Monday, August 25, 2014

Follow the Yellow Brick Road

"There's no place like home; there's no place like home; there's no place like home."

Dorothy (Judy Garland)
(#23 on the
American Film Institute's list of the Top 100 movie quotes)

(1939 is widely regarded as the greatest year ever for the motion picture. Ten movies were nominated for Best Picture that year, and today I take a look at the sixth of those 10 movies to hit the theaters.)
I don't know how old I was the first time I saw "The Wizard of Oz." Probably 5 or 6. I do know that it was long after it made its general theatrical debut on this date in 1939. My mother and father might have seen it at the theater — they were children then — but maybe not. It wasn't a blockbuster in 1939. That came later.

I don't remember much about that experience — except that the winged monkeys scared me enough to give me bad dreams for several nights.

I still think of that whenever I sit down to watch "The Wizard of Oz." I thought about it back in February when I watched it during Turner Classic Movies' annual salute to the Academy Awards, "31 Days of Oscar."

And I concluded that there are some movies that are so closely linked to childhood that every time we see them, we feel almost as if we are children again. "The Wizard of Oz" is such a movie — for me, anyway.

See, there are parts of that movie that I appreciate as an adult that escaped me as a child; even so, I always feel like a child when I watch it — at least a little bit and for a little while. I suppose that is part of the movie's enduring magic.

I'm sure I don't have to recite the plot for you. Surely, everyone has seen "The Wizard of Oz" at least once — probably more than that — so I may simply refer to specific scenes. Warning: This will not, in any way, be written sequentially. I probably will jump around a lot. (So hang on. It's apt to be a bumpy ride.)

Anyway, when I watched it most recently, I found myself questioning some parts of the story — and I had to remind myself that it is, after all, a children's story. It would help if everything made perfect sense — but this is a fantasy. By definition, a fantasy doesn't make sense. Things happen in fantasies that simply do not happen in real life — like monkeys with wings.

The movie version of "The Wizard of Oz" is so familiar that the characters need no introduction, do they?

"You are under the unfortunate delusion that simply because you run away from danger, you have no courage. You're confusing courage with wisdom."

Wizard of Oz (Frank Morgan)

Oh, and before I forget ...

Dorothy said, "Toto, I've a feeling we're not in Kansas anymore."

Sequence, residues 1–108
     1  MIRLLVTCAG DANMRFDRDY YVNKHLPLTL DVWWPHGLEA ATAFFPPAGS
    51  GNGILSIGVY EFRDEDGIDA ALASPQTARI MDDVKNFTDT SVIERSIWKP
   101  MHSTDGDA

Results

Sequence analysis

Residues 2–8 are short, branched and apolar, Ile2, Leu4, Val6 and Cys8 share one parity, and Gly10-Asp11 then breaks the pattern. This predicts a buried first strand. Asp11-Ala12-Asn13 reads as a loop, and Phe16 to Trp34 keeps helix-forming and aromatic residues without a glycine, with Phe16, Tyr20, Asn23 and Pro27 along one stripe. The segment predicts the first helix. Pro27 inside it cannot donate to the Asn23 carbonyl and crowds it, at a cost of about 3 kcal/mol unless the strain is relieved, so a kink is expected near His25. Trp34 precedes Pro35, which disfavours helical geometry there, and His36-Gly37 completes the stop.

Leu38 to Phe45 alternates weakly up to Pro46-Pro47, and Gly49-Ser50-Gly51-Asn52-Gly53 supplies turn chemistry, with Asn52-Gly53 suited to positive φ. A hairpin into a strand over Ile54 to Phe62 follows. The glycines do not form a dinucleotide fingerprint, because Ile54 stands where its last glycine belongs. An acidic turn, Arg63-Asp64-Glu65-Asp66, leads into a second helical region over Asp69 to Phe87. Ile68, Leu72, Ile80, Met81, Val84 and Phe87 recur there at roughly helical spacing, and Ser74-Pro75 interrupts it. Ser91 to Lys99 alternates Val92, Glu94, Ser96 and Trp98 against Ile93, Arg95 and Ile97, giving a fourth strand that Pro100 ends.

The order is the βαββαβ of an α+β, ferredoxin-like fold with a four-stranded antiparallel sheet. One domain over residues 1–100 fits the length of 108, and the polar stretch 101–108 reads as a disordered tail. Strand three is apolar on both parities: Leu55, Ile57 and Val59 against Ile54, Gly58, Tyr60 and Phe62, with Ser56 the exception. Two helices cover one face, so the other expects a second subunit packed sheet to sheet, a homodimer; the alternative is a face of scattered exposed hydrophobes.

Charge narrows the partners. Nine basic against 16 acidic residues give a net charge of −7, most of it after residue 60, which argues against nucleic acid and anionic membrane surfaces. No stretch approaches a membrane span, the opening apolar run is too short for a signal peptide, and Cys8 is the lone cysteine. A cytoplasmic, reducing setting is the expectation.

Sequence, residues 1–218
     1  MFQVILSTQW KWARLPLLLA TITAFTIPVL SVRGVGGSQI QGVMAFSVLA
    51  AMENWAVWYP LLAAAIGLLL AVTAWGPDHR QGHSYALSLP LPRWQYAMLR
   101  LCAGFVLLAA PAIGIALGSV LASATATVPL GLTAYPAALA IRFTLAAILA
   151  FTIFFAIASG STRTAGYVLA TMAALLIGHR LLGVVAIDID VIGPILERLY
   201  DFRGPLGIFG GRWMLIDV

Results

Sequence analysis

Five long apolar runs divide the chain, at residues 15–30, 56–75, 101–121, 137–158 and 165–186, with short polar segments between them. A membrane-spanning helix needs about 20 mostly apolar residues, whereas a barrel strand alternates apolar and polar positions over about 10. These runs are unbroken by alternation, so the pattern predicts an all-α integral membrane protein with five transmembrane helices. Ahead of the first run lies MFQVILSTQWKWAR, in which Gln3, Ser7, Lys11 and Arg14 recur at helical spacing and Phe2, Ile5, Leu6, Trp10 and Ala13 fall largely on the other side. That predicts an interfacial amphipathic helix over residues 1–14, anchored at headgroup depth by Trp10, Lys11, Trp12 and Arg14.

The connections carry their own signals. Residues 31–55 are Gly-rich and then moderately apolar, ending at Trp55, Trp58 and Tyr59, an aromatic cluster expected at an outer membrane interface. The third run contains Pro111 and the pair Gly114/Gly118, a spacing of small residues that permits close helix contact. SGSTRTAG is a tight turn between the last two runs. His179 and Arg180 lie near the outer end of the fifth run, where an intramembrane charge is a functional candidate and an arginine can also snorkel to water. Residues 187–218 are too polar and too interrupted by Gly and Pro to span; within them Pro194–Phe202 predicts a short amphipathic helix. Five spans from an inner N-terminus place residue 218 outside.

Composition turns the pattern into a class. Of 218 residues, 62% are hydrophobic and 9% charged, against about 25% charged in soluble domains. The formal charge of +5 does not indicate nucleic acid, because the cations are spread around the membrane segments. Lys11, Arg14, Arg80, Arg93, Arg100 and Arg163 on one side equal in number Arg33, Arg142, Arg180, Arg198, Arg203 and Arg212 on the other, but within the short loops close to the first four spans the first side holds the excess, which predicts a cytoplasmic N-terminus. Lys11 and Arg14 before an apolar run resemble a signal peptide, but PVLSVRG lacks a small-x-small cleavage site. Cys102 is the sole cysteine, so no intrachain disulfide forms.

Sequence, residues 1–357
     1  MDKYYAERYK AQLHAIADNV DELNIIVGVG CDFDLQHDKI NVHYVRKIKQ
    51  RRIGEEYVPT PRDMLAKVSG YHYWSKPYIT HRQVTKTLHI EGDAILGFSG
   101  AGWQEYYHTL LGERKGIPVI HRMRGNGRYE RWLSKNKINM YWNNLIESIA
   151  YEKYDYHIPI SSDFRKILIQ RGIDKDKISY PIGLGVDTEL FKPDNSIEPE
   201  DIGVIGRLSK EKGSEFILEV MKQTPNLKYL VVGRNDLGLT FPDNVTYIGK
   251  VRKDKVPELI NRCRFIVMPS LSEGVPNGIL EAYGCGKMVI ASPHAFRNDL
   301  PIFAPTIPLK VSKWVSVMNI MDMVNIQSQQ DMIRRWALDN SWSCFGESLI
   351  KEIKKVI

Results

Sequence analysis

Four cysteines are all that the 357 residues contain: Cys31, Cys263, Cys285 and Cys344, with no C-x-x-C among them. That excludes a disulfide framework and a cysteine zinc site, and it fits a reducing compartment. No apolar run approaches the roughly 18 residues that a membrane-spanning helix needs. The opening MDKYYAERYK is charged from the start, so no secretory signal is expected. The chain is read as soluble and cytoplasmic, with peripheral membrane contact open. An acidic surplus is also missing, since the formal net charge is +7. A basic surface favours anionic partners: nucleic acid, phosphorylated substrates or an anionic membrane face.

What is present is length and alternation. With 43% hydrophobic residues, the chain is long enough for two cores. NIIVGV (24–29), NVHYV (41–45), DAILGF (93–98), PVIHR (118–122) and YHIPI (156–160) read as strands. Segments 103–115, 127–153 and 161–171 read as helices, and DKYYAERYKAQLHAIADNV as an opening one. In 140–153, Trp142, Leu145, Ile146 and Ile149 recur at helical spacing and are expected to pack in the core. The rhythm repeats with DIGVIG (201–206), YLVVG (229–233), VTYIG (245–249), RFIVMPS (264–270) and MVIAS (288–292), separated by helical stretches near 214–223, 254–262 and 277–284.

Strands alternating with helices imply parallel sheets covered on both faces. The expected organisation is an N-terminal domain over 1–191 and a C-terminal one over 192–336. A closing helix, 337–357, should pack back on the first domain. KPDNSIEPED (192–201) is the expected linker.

She did not say, "Toto, I don't think we're in Kansas anymore," which is how people have been misquoting it for decades.

(Wow, it feels good to get that off my chest. Kind of like knowing that Bogart actually said, "Play it, Sam," not "Play it again, Sam," in "Casablanca" but not saying anything about it.)

While we're on the subject of "The Wizard of Oz" trivia, as I said earlier, the movie wasn't successful in its first theatrical run, earning about what it cost to make. But it got in the black about 10 years later when it was brought back to theaters, and its annual airings on TV, which began in the 1950s, were moneymakers.

And this doesn't qualify as trivia, exactly, but I'd like to mention Billie Burke, who played Glinda the Good Witch of the North, Dorothy's defender in Oz. Her role didn't require her to speak many lines, but it is the role for which she is remembered — even though she is hardly ever mentioned.

She was 55 the day "The Wizard of Oz" premiered. I would never have guessed that.

For awhile, I worked in an office that encouraged employees to wear costumes for Halloween. It became a competitive thing, and groups of employees would come up with themes. Sometimes the costumes were very elaborate, very detailed. It was quite entertaining.

One year, a group came dressed like the protagonists from "The Wizard of Oz" — the Cowardly Lion, the Scarecrow, the Tin Woodman and Dorothy (carrying a basket with a little stuffed dog doll in it). Everyone knew who they were, and they were the unanimous winners of the office contest.

As universal as those characters are, it's hard to believe that "The Wizard of Oz" was a big disappointment at the box office. And that iconic foursome might have been quite different.